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It was Sunday night and Western Australia Greens Senator Scott Ludlam was on another four hour flight from Perth to Canberra.
It appears to have struck a nerve right across the political spectrum.
A glass of red wine on the tray table, a blank word document flickering on the laptop screen.
As the plane crossed the Great Australian Bight, Ludlam began writing his final Senate speech before West Australian voters decide his fate in the state's Senate re-election.
The lengthy commute between WA and Canberra has cut short political careers and strained families, but it has one advantage.
"There's no internet, you can't take phone calls," Ludlam says. "It is good creative time. I just wanted to get all this stuff off my chest."
Ludlam decided to frame the seven-minute speech (see video of the speech above) as a direct address to Tony Abbott, inviting the Prime Minister to rethink stereotypes of the wildflower state.
"Understand that you are now closer to Denpasar than to Western Sydney, in a state where an entire generation has been priced out of affordable housing," he wrote.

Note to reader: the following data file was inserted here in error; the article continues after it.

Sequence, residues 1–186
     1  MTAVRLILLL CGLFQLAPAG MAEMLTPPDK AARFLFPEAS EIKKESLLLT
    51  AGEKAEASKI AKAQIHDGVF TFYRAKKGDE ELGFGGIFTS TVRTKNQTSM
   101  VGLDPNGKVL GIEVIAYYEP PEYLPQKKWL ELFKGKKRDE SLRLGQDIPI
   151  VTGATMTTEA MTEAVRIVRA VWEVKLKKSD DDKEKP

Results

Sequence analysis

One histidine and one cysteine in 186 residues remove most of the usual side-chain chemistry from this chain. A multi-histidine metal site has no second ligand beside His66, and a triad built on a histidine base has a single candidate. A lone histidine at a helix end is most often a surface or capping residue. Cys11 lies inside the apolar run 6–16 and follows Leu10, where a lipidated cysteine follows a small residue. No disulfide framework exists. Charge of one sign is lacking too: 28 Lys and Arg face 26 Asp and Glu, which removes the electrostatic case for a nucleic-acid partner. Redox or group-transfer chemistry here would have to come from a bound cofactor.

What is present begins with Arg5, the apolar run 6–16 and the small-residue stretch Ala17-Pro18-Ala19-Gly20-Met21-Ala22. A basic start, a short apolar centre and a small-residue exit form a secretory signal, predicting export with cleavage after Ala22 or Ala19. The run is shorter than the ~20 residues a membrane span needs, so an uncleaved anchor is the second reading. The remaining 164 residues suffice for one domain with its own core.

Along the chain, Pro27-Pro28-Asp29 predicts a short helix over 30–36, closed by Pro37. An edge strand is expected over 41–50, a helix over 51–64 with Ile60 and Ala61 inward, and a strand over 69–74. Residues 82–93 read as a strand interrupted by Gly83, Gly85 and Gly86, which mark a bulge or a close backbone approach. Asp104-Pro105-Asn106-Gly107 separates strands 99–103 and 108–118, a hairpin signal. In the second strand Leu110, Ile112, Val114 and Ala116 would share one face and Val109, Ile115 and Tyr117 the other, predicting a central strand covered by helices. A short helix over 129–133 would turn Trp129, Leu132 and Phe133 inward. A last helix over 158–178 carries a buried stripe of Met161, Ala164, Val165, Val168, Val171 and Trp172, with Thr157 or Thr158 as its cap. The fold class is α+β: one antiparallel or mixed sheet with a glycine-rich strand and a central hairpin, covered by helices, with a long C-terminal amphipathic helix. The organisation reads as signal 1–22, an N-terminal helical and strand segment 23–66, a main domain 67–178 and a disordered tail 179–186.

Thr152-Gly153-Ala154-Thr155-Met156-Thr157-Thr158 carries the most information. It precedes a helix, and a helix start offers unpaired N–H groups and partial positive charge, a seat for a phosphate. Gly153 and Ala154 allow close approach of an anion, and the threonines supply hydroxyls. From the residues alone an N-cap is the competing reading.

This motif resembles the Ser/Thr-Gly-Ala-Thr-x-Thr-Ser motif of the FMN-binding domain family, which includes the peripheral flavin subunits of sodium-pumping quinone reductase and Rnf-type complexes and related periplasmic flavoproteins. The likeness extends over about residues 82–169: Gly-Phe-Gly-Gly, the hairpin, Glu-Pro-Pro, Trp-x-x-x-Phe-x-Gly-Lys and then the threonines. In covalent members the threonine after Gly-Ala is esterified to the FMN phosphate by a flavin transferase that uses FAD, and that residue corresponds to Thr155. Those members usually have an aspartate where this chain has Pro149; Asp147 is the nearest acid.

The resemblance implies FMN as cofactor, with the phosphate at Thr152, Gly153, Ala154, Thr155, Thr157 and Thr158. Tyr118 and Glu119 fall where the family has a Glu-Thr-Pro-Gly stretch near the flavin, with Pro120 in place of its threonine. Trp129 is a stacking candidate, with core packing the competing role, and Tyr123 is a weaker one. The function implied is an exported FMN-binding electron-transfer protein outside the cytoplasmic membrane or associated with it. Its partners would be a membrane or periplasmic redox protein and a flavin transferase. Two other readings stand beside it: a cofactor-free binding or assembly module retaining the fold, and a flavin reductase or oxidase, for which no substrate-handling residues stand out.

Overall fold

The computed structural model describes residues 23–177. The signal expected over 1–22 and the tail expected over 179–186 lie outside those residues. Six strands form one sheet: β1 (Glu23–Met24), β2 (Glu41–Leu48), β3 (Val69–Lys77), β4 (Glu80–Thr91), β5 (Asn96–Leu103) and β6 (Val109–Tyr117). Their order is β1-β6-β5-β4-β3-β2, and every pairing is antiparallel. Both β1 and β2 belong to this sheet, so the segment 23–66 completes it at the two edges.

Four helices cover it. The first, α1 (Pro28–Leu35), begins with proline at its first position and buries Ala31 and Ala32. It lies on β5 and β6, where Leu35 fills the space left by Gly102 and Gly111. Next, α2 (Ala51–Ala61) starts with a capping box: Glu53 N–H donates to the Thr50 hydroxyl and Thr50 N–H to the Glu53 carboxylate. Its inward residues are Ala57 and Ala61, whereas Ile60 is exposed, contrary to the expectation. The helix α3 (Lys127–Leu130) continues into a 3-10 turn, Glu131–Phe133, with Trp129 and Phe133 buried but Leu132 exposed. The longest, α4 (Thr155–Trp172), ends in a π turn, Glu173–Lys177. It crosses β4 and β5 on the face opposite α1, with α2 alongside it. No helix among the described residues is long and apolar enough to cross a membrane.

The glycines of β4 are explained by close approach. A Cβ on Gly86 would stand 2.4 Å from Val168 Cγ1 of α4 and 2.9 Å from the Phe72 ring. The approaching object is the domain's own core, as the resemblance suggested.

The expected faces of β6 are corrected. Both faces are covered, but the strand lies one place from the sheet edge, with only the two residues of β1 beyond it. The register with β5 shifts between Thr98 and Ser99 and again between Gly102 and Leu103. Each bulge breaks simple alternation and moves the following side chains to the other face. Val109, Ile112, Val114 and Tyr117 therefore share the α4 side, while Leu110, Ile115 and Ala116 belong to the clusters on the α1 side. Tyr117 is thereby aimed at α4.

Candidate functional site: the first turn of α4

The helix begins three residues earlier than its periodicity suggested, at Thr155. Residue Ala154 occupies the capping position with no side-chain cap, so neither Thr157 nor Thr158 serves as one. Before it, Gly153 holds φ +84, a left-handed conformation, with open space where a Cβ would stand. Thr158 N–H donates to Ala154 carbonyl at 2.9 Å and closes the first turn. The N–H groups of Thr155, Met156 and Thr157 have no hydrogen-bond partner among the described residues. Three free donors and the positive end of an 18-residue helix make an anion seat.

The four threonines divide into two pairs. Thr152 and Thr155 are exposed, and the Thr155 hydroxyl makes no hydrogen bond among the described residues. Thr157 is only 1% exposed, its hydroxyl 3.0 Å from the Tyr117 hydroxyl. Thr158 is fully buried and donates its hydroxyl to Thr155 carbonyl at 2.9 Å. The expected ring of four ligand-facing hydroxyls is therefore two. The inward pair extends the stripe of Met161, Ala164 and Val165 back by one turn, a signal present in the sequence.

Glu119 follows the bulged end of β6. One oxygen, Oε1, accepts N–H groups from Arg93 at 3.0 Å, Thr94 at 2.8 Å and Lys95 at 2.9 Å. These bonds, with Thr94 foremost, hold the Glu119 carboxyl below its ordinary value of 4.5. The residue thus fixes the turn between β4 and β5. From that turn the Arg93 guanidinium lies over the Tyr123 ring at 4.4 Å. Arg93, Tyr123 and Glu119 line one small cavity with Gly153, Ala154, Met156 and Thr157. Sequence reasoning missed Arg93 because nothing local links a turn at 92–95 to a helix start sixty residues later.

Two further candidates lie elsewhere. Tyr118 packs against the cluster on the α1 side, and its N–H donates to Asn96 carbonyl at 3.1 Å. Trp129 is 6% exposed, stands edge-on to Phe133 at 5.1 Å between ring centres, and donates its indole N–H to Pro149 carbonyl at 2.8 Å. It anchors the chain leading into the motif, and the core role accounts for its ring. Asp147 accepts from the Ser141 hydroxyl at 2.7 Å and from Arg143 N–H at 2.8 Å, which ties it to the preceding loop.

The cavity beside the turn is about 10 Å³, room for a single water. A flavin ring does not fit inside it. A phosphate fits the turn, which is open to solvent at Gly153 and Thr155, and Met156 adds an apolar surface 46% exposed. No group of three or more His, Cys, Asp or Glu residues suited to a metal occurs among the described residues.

"Every time you refer to us as the 'mining state' as though the western third of our ancient continent is just Gina Rinehart's inheritance to be chopped, benched and blasted, you are reading us wrong."
When Ludlam rose to speak just after 10pm on Monday only one other senator - Liberal Helen Kroger - was in the chamber. But the video of the speech has become an internet hit, with almost 280,000 YouTube views in three days, largely thanks to people "sharing" it on social media. (As of Friday afternoon the number of views of the speech had hit 480,000.)
That's not at the level of Julia Gillard's misogyny speech - which has over two million views - but it's more than Kevin Rudd's apology to the Stolen Generations or Prime Minister Abbott's Christmas address.
It's a welcome burst of attention for the Greens' communications and nuclear spokesman, who is battling to hold on to his WA Senate seat.
That task will be even harder if Labor preferences minor parties before the Greens, as Fairfax Media has reported.
"When you do a speech at 10 at night in an empty chamber and then it gets this reaction - I'm gobsmacked actually," Ludlam said. "It appears to have struck a nerve right across the political spectrum.
"Many people have said: 'I'm not a Green, I'm a Liberal or Labor voter but I have shared it."